Sunday, January 4, 2009

Holiday Movies

One of the things I like to do during the holidays is go to the movies.  I already blogged about Australia.  Here are some others that I saw over the holidays:

  • Slumdog Millionaire, based on  Q and A, the debut novel of Vikas Swarup.  I had never read the novel so I had no idea what to expect.  Since it was about an Indian call center worker who ends up on the Indian version of "Who Wants to be a Millionaire" I thought it would be a feel-good movie.  It isn't.  It's intense.  It makes me not want to visit India because I think the poverty would overwhelm me.  I thought this film was really well made but I didn't really enjoy it. On the other hand, I possibly could bring myself to watch it again some day.  So I foresee awards in its future.
  • Marley and Me, based on the book by John Grogan (another book I'd never read).  I should have brought more tissues. Marley was called the "worst dog in the world" but he seemed like a typical Labrador Retriever to me - albeit an untrained Lab. As with any story of the life of a pet, it has a sad ending.  The entire movie theater was full of sniffles through the last 20 minutes.  But up until that point, it was pretty funny in the way that dog movies can be funny.  It's a trite story and I didn't think that Owen Wilson and Jennifer Aniston had much chemistry, but they all had chemistry with the dog(s) who played Marley and that's all that mattered.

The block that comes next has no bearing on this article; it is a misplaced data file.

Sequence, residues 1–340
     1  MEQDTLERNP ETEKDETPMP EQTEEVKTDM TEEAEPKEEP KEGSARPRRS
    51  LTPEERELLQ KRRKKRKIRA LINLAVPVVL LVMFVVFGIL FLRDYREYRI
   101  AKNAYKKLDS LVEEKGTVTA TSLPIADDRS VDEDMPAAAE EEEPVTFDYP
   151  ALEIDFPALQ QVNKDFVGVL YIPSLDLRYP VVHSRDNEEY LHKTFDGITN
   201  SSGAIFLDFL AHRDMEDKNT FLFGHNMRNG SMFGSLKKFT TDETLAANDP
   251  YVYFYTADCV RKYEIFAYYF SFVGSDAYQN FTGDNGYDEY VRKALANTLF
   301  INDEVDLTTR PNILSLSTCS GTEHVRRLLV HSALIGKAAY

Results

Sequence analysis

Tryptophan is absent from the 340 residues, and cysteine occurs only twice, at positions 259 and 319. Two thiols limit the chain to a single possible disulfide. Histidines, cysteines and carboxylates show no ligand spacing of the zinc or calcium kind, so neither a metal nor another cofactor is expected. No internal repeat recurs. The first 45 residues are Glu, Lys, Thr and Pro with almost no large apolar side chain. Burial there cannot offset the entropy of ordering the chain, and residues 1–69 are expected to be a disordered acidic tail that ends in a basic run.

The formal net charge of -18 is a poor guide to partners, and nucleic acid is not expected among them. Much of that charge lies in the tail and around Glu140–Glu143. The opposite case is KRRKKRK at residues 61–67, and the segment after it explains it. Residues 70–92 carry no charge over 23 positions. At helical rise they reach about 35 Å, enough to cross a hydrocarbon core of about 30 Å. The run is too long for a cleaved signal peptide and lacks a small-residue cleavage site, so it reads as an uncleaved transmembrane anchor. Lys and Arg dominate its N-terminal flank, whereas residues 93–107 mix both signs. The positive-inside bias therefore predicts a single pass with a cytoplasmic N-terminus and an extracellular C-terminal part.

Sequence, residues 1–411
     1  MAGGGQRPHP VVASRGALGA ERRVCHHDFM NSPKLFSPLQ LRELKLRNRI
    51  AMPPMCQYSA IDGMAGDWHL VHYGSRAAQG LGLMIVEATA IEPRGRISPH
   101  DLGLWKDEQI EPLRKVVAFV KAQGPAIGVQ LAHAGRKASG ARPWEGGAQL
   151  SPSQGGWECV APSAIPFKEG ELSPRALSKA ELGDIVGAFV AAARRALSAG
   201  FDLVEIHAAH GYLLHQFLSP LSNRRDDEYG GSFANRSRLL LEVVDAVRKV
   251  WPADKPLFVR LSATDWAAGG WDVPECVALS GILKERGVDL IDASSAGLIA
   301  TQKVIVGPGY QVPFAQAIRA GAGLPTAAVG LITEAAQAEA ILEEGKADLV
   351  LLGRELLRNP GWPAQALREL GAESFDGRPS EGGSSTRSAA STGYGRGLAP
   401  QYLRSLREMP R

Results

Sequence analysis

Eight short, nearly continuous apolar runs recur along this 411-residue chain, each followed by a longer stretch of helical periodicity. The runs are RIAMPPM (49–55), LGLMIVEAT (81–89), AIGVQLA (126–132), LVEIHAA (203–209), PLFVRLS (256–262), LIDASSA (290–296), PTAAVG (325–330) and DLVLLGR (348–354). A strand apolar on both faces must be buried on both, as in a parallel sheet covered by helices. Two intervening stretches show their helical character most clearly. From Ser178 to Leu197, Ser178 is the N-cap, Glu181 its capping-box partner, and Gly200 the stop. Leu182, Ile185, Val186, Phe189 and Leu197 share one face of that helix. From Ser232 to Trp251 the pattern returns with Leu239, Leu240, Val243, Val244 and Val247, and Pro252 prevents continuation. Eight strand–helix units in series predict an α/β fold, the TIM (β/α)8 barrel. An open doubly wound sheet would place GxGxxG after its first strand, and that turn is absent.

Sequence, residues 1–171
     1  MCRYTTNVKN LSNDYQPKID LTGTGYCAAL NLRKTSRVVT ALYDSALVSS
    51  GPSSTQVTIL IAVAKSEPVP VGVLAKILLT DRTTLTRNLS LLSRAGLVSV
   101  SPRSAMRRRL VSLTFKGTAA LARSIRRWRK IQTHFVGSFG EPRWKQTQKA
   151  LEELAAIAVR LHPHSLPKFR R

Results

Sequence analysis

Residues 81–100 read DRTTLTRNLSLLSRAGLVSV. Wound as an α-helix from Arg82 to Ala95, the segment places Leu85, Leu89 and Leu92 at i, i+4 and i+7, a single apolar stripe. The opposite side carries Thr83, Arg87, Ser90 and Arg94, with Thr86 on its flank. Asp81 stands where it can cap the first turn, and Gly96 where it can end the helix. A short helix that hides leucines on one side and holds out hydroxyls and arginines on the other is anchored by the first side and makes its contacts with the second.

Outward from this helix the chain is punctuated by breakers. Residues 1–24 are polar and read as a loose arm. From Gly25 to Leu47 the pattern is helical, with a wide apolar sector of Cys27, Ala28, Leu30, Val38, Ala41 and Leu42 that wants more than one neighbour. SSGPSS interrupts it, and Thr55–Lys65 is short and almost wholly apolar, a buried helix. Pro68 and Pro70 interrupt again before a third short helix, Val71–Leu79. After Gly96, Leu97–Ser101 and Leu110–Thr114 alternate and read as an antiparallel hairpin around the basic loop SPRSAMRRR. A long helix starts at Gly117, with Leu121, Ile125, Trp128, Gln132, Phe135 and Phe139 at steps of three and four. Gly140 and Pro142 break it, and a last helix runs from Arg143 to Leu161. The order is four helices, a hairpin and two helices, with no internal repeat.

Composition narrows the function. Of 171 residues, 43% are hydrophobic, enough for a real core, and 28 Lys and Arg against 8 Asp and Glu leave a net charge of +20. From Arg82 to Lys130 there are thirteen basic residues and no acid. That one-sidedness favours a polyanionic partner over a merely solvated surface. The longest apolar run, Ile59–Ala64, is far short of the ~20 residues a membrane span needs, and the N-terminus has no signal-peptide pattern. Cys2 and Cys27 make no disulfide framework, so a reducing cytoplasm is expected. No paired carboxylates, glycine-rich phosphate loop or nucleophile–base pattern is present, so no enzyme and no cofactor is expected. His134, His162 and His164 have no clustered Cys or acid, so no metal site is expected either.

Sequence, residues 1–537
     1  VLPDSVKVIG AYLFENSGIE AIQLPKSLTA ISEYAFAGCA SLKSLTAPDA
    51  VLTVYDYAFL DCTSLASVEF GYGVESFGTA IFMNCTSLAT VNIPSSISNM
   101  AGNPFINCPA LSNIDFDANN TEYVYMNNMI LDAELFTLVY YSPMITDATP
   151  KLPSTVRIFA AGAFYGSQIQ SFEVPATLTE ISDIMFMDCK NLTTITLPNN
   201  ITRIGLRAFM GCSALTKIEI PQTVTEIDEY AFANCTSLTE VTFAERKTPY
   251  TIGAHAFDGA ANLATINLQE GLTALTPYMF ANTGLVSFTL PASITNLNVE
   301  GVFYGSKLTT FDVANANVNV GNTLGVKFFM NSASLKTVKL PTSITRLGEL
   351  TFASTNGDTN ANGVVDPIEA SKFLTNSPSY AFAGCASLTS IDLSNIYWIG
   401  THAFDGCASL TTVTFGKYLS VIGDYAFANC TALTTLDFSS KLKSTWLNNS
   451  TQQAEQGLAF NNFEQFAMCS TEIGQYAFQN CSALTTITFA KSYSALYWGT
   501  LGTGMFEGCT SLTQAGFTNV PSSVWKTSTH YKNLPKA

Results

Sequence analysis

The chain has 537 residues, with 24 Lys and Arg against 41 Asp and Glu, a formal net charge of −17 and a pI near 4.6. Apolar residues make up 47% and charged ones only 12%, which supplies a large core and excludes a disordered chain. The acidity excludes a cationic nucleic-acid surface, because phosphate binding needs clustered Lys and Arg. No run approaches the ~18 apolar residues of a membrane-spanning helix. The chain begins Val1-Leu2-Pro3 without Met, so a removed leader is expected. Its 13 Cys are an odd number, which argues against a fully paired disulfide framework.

• The Curious Case of Benjamin Button, based on a short story by F. Scott Fitzgerald (that I have not read). This is the story of a man who is born old and grows younger.  It's an interesting concept but after you accept it as a concept, well there's not much left to the movie.  Nothing else really unexpected happens.   Brad Pitt is great (I predict  an Oscar nomination).  So is Cate Blanchett, but that's not unexpected.  Tilda Swinton is in it and I always enjoy her performance.   It's kind of a combination of Big and Forrest Gump.  But without Tom Hanks.  I enjoyed it well enough but I liked other movies better. 
  • Doubt, based on the Pulitzer Prize winning play by John Patrick Shanley (that I have not seen), who also wrote the screen adaptation and directed.  He also directed Joe Versus the Volcano.  That should tell you all you need to know.  This was fabulously acted by Meryl Streep (although we agreed that, gasp, her accent wasn't always consistent), Phillip Seymour Hoffman and Amy Adams.  But the acting wasn't enough. It needed to be opened up more, it needed to be less of a filmed stage play.  It tended to drag.  It kept my interest because it is set in a parochial catholic school in 1964 and I started kindergarten in a parochial catholic school in 1965. It brought back a lot of memories. 

I still haven't seen Frost and Nixon, which I want to see.   Leave any of your own movie reviews in the comments.

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